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Keywords:Temporary employees 

Working Paper
Wage differentials for temporary services work: evidence from administrative data

We use administrative data from the unemployment insurance system State of Washington to study the magnitude of the wage differential associated with work in the temporary services industry. We find that temp wage rates are 15% to 20% below the levels that might have been expected based on trends during other periods in workers' careers even after controlling for differences between temps and other workers. Comparing temp wages immediately before and after temp work or to the wages on non-temp jobs begun during the same period as workers were in the temp industry yields estimates of the temp ...
Working Paper Series , Paper WP-98-23

Working Paper
What are the short-run effects of increasing labor market flexibility?

This paper evaluates the short-run effects of introducing labor market flexibility to an economy characterized by large firing taxes. Different reforms are considered: 1) eliminating all firing taxes, 2) introducing flexible new contracts while retaining the firing taxes on workers employed previous to the reform, and 3) introducing temporary contracts. The paper finds that eliminating all firing taxes increases the unemployment rate much more in the short run than in the long run, that introducing new flexible contracts has similar effects as eliminating all firing taxes, and that ...
Working Paper Series , Paper WP-00-29

Journal Article
Spotlight: temporary employment

As the Texas economy expanded over the past two decades, firms increasingly relied on temporary workers to fill shortterm and seasonal staffing needs. In 1990, these employees accounted for less than 1.5 percent of Texas jobs. After peaking in 1999 and taking a recessionary dip, the number rebounded to 2.7 percent this year.
Southwest Economy , Issue Nov , Pages 10

Working Paper
Measuring temporary labor outsourcing in U.S. manufacturing

Several analysts claim that firms have been using more flexible work arrangements in order to contain the costly adjustment of labor to changes in economic conditions. In particular, temporary help supply (THS) employment has increased dramatically in the last ten years. However, there is only scant evidence on the industries that are hiring this type of worker. In particular, some anecdotal evidence points to the fact that manufacturing industries have substantially stepped up their demand for THS workers since the mid-1980s. If this is true, not accounting for this flow of workers from the ...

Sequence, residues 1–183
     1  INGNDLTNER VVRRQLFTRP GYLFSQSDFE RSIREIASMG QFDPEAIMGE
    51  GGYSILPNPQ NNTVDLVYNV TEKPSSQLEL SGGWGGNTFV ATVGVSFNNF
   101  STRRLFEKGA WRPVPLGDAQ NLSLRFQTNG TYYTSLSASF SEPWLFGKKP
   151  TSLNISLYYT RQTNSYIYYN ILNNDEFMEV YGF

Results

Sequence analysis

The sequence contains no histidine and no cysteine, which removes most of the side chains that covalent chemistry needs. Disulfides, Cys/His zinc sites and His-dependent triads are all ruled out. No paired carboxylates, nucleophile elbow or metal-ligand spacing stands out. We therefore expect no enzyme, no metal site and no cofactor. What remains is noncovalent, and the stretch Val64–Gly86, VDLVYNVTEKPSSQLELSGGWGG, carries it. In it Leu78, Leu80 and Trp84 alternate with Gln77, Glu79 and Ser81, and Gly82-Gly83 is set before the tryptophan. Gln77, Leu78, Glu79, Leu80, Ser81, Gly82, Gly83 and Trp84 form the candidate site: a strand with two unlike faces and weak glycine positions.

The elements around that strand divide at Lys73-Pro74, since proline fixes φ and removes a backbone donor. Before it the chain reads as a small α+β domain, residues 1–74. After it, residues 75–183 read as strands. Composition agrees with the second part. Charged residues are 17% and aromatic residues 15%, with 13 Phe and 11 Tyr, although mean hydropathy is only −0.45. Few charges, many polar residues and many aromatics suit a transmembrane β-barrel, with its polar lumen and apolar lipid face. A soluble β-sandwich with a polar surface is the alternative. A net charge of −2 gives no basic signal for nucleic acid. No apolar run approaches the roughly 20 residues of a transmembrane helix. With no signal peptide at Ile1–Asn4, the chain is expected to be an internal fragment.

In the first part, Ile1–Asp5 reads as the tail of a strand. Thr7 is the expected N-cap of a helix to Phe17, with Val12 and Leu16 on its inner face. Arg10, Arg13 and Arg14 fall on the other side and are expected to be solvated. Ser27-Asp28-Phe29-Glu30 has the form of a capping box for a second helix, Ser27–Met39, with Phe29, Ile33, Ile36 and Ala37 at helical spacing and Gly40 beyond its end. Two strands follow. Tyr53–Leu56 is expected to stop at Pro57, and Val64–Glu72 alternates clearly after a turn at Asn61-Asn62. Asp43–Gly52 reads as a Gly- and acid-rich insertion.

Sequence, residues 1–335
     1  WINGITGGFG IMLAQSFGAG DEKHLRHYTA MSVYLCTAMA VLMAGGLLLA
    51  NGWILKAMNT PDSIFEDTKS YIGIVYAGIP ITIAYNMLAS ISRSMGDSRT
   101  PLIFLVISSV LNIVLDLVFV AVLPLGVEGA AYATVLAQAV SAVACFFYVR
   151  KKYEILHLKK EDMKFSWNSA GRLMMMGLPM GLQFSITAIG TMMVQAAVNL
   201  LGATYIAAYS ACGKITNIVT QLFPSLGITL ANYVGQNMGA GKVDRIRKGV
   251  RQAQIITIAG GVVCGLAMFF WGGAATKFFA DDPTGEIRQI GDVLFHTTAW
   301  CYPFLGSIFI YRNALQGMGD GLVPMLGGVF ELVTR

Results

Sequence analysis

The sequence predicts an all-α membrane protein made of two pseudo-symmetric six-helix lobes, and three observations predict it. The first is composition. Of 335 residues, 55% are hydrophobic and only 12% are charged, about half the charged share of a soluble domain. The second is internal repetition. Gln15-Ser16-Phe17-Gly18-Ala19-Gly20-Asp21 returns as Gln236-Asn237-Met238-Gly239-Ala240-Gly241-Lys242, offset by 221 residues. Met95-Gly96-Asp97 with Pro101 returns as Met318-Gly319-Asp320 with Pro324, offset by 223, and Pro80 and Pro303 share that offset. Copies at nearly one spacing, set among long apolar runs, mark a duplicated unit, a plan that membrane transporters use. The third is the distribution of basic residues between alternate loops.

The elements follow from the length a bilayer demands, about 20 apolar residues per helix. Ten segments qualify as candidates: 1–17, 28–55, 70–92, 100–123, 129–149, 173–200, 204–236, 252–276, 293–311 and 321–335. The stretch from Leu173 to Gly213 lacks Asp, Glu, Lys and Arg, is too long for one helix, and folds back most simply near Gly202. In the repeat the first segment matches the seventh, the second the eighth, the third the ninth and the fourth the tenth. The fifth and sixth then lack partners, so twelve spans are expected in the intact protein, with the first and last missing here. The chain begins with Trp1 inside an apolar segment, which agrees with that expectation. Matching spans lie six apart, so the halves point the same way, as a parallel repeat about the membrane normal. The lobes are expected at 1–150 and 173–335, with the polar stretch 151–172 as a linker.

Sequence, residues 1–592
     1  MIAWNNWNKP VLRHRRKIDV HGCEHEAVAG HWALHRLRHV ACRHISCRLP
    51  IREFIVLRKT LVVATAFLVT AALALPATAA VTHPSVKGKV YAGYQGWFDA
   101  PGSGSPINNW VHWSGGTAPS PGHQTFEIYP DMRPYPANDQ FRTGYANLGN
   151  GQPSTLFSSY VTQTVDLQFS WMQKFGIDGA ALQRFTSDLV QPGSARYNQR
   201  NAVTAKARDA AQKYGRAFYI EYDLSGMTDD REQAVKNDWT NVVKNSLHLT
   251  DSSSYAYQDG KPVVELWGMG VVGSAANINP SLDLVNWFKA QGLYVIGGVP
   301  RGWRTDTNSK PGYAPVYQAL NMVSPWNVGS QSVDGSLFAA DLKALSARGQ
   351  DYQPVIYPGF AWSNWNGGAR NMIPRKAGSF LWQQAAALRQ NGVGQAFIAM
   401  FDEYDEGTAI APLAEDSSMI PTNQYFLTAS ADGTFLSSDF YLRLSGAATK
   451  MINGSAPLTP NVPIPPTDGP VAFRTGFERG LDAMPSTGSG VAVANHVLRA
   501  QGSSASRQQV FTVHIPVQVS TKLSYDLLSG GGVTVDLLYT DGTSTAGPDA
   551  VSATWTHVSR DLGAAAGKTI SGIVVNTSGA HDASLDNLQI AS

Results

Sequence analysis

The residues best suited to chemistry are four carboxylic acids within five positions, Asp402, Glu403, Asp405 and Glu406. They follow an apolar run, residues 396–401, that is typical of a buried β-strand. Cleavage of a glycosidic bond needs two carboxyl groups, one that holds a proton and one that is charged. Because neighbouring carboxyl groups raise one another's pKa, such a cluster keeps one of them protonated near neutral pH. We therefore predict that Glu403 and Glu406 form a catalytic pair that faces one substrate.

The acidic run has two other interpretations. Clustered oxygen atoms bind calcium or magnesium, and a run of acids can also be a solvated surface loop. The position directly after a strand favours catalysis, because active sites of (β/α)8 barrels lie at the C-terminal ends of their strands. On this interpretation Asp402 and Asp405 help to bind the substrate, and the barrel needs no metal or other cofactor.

Finance and Economics Discussion Series , Paper 1999-57

Journal Article
Who are temporary nurses?

Using data from the National Sample Survey of Registered Nurses, the authors compare the characteristics of temporary and permanent registered nurses. They compare their findings for the nursing profession with characteristics of temporary and permanent workers in other occupations. They also look at the role of geography in a registered nurse?s decision to become a temporary worker.
Economic Perspectives , Volume 31 , Issue Q I , Pages 2-13

Working Paper
The growth of temporary services work

Temporary services employment has expanded rapidly and now accounts for a sizable fraction of aggregate employment. The industry's workers are no longer overwhelmingly female or limited to clerical occupations. Temporary work is associated with variable weekly schedules and with part-year participation, but not with voluntarily part-time work. On average, temporary workers have less labor market security than permanent workers, being prone to both more unemployment and more underemployment. Relatively few of them, however, stay in temporary positions for as much as a year and the majority ...
Working Paper Series, Macroeconomic Issues , Paper WP-96-26

Working Paper
Temporary employment and the natural rate of unemployment

This paper examines the determinants of the natural rate of unemployment using a combined cross section and time series data set. The results suggest that industry composition affects the natural rate. In particular, a higher share of temporary employment in a local labor market tends to lower the natural rate of unemployment--most likely through the matching function. The results suggest that the increase in the share of temporary employment may have reduced the natural rate as much as 1/4 percentage point. The results also indicate that unemployment insurance benefits tend to boost the ...
Finance and Economics Discussion Series , Paper 1999-66

Journal Article
Temporary help services and the volatility of industry output

To gain a better understanding of how fluctuations in output influence firms' decision to hire temporary workers, the authors examine the relationship between output volatility and the use of temporary labor. They find that, all things being equal, temporary employment is higher in states with more volatile industries and lower in states with a relatively high degree of co-movement of industry output fluctuations.
Economic Perspectives , Volume 27 , Issue Q II

Why do firms use temporary workers?

This article explores the pros and cons of using temporary workers and their permanent counterparts. It examines firms? various motivations for using temporary employment, accounting for geographical and industry differences.
Chicago Fed Letter , Issue Mar

Working Paper
Temporary services employment durations: evidence from state UI data

Working Paper Series, Macroeconomic Issues , Paper WP-97-23


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